The son of a domestic worker in Margate, who earned a hockey scholarship to Glenwood and was then noticed when he went to cricket trials, Phehlukwayo has every reason to be proud of what he has already achieved despite such humble beginnings.

“My big goal is for my mom to come and watch me play. I was fortunate to have good support in the background and my coaches believed in me. For me it’s just about working hard and not giving up on my dream. I never thought that I would be playing franchise cricket at this age and at some stages I thought I would never play professional cricket.

“I’ve made quick progress as a bowler, T20 does fast-track you, you need to adapt quickly in that format and practise your skills. Playing for SA A over the last couple of months, bowling to people like Jos Buttler and Eoin Morgan, taught me that you’ve got to be on-song and stay on your game-plan, back yourself, always believe in yourself. It was definitely an experience I won’t forget, especially bowling a couple of long-hops to Morgan!”


Why I don’t want to go back to Benoni 0

Posted on July 09, 2015 by Ken

In the last week my job as a cricket writer has taken me to Willowmoore Park in Benoni twice, to the Mamelodi Oval once and to the glamour and glitz of the national team’s World Cup send-off at Melrose Arch once.

While the Mamelodi Oval is rapidly becoming one of my favourite grounds – it has a beautiful setting in the Magaliesburg hills, the local community is obviously proud of the ground and facilities have improved with every visit there, I am largely cynical about how much the Melrose Arch razzmatazz will do for our World Cup chances and, frankly, I will be happy if I never have to go back to Willowmoore Park again.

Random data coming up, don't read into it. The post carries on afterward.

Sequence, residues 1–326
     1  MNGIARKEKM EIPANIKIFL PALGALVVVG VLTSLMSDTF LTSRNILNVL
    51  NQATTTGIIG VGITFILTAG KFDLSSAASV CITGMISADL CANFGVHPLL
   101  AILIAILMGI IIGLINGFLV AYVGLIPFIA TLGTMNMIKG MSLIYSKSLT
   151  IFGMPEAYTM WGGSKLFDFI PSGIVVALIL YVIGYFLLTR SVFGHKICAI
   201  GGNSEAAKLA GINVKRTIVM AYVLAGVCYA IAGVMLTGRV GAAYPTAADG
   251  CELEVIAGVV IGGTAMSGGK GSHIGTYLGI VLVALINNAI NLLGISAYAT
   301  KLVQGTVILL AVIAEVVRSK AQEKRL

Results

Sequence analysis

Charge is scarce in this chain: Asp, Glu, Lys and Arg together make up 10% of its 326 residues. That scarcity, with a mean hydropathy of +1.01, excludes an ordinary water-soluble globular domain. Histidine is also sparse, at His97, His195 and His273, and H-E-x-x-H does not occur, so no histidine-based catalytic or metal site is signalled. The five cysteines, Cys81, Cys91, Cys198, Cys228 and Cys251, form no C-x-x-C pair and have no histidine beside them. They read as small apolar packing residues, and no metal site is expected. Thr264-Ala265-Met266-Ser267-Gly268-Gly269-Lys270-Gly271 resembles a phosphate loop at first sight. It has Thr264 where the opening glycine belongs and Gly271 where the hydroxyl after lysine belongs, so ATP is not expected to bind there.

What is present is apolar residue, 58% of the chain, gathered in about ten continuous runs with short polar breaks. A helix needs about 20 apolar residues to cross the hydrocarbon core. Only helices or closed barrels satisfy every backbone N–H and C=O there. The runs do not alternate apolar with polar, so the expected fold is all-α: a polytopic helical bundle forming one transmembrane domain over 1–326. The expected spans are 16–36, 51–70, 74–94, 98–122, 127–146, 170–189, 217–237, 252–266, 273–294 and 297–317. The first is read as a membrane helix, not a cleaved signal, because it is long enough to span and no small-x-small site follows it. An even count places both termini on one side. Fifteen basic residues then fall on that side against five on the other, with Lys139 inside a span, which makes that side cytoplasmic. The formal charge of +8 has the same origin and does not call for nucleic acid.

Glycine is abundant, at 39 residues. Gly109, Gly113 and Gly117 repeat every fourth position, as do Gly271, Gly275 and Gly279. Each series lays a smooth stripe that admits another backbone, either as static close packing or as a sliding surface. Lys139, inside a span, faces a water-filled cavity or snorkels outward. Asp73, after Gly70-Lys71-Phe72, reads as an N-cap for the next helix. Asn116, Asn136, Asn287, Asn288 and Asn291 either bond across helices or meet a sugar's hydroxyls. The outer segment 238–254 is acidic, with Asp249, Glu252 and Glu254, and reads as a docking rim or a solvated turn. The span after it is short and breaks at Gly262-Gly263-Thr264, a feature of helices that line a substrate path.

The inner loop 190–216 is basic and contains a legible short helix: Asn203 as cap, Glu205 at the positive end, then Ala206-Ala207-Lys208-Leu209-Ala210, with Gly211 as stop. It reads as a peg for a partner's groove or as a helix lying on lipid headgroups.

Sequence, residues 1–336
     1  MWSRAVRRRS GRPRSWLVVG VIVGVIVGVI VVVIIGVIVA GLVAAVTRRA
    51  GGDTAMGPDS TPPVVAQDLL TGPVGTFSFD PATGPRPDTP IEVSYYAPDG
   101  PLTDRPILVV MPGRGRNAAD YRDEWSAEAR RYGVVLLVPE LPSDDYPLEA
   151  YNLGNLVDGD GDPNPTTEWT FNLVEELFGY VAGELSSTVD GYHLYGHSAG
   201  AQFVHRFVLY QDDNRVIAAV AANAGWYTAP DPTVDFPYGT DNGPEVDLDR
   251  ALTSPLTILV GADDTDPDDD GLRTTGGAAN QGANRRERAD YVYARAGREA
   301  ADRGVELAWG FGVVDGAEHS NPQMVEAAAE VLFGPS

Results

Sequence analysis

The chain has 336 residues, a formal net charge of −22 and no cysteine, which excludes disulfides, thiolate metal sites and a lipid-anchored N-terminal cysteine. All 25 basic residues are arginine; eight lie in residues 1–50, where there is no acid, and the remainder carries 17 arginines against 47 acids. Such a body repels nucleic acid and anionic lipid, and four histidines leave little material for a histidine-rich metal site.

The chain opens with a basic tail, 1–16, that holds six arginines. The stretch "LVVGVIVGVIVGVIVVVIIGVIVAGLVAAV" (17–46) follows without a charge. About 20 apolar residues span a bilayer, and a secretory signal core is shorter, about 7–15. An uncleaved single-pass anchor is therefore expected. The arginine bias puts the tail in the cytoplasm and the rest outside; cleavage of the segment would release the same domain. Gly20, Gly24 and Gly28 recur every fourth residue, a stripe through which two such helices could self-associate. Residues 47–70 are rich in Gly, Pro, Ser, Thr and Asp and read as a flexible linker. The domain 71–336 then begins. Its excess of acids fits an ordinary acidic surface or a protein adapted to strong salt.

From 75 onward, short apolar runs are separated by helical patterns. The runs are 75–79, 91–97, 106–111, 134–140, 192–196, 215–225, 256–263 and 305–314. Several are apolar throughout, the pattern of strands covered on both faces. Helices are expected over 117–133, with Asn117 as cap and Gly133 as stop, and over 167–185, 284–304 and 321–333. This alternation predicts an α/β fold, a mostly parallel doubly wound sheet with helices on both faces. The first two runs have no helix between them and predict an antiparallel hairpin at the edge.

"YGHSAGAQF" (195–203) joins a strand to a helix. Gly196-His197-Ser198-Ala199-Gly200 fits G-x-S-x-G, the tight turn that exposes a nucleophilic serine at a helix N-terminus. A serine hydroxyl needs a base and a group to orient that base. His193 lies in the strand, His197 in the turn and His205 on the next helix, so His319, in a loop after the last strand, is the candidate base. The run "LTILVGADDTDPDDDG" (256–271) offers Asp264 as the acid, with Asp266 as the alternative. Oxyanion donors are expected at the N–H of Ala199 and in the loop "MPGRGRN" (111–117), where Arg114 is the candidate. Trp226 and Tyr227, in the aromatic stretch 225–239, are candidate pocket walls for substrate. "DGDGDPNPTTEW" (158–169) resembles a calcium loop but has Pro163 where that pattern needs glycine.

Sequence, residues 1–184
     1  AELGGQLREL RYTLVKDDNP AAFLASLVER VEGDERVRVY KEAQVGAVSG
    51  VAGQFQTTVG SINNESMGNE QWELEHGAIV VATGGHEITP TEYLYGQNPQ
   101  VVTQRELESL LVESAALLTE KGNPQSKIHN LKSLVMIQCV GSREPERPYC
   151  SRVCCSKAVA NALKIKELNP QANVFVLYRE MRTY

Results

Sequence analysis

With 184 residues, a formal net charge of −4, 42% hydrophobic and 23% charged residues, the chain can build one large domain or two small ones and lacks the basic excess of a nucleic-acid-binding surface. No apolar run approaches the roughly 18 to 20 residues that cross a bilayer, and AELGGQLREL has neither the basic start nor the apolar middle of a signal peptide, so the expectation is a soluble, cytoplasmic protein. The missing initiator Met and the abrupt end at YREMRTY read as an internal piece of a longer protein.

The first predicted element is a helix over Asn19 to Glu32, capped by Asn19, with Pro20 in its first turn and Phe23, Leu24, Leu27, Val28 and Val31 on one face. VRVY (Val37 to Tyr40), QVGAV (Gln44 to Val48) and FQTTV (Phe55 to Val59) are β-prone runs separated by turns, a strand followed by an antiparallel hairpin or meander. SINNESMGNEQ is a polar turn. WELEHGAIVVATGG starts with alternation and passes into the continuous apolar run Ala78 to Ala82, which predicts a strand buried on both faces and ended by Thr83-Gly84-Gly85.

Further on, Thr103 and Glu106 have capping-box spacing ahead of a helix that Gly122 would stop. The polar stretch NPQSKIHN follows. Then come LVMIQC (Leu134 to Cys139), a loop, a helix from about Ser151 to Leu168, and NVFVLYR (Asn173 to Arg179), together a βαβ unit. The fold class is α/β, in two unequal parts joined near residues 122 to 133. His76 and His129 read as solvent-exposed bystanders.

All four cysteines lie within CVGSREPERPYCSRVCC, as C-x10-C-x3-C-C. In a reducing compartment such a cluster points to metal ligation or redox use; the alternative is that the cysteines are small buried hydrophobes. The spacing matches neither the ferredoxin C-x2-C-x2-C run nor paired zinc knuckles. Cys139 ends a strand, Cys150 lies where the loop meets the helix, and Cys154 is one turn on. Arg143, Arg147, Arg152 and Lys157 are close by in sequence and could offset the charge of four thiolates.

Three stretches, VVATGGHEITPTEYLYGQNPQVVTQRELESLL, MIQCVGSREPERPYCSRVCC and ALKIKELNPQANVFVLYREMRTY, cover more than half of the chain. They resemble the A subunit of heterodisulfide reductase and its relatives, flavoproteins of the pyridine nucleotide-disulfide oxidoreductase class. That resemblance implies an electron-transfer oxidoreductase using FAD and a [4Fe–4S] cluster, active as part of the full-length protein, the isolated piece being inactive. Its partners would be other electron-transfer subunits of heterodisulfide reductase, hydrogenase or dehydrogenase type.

That’s because half the games in Benoni are disrupted by the awful facilities at that ground. On Thursday night, it was embarrassing to see South Africa A and the England Lions tourists have to hang around and wait for over half-an-hour while an electrician was found to get the floodlights working properly.

For the Titans, Willowmoore Park has become an infuriating home ground for them.

Last weekend, a short 20-minute shower nearly led to their Momentum One-Day Cup game being abandoned due to the shocking drainage at the ground, not helped by the ground staff pouring the water that had accumulated on the covers on to an already wet patch.

The potential loss of points would have been critical for the Titans in their efforts to secure a home playoff, while the match being shortened to 20 overs due to the delay was hugely prejudicial to them because it meant the Highveld Lions had all 10 wickets in hand for just a short run-chase.

Fortunately the Lions batsmen were terrible and the Titans still won, but they had a match abandoned, losing all the points, in November due to a sub-standard, dangerous pitch. Several Titans players have suffered hand injuries due to similar pitches at the ground.

India had a warm-up game there in December 2013 cancelled due to the field being wet despite Benoni being bathed in bright sunshine for three days and it’s well-known that even the slightest bit of rain at Willowmoore Park causes major delays.

Simply put, Willowmoore Park is a disgrace. A prehistoric looking super-sopper, with practically no sponge left on the roller, merely shifts the water around the field; a rope is sometimes driven around the ground by the groundsman in a battered old car. Compared to Mamelodi, there seems to be a complete lack of pride in the venue, a distinct attitude of “who cares?” when it comes to maintaining the facility.

Top-class cricket should be taken away from Benoni by Cricket South Africa to ensure that franchises and international touring teams are given the facilities they deserve. It’s sad that a ground that has been operational since 1924 and was made famous by Denis Compton’s triple-century in three hours for England against North-Eastern Transvaal in 1948 has fallen into such disrepair.

I would even suggest moving games scheduled for Willowmoore Park to the Mamelodi Oval, which is also going to help transformation, and channelling the considerable amounts of money poured down the drain or simply not used in Benoni to that ground.

It’s probably not going to happen for political reasons though. Easterns cricket will bring their vastly overinflated influence in the CSA boardroom into play and let’s not forget that the murky hand of the Guptas is probably most strongly present at Willowmoore Park.